This honey and tea combo should be very relaxing, and when used with Valerian or chamomile herbal teas will help to get you the rest you need. Another reason this tea is popular is that it remains liquid longer than some other honeys because it has a high concentration of fructose, but as it has a low sucrose level, it can be a good choice for diabetics. This honey can help as an anti-inflammatory, improve liver function, and help your intestinal tract function well.
8. Eucalyptus Honey
Eucalyptus plants are for more than just feeding cute koalas, but can also have nectar gathered by bees to be used to make honey. Eucalyptus honey comes from Australia and is also produced in California. The color of this honey will vary, and this is a popular honey when it comes to headaches and colds.
The taste of this honey is different from most of the honeys on this list as it has more of a herbal flavor than many of the others, and you may even notice the taste of menthol. This can be a great honey to add to your tea when you’re feeling under the weather.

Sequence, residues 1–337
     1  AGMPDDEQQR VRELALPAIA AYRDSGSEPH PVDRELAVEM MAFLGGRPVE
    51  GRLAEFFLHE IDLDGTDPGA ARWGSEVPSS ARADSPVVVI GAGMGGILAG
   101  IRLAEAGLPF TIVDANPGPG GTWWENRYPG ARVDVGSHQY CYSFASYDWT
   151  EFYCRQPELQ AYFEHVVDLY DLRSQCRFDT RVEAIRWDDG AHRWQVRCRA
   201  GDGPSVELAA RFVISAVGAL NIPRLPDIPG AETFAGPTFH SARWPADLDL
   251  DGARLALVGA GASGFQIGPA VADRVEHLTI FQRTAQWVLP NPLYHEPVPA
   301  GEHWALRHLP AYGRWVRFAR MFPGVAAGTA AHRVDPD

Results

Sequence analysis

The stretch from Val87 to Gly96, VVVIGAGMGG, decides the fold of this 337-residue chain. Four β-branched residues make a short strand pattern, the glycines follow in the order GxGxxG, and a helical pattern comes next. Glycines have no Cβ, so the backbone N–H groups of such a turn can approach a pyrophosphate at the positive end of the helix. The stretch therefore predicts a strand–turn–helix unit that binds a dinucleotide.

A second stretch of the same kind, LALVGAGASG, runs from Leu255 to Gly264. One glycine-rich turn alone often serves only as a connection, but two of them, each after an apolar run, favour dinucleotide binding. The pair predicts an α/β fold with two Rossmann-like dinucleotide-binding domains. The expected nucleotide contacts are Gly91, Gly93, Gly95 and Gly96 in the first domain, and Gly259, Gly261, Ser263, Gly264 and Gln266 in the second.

9. Sage Honey
Sage is a type of perennial that grows natively throughout America. It is easily recognised by its woody stem and very strong roots system. While the colour of this plant and its flowers can differ widely depending on where and how it is cultivated, it is most commonly found to have soft ovulate leaves that are deep green on top and almost white on the bottom. Moreover, its flowers tend to range from a soft purple colour, to a very light pink.
If a sage plant is not harvested for its leaves, then bees have the potential to collect nectar from its small delicate flowers. This typically occurs during early spring to late summer, and results in a sweet balanced honey that is very light in colour which is often typified by its unique floral after taste.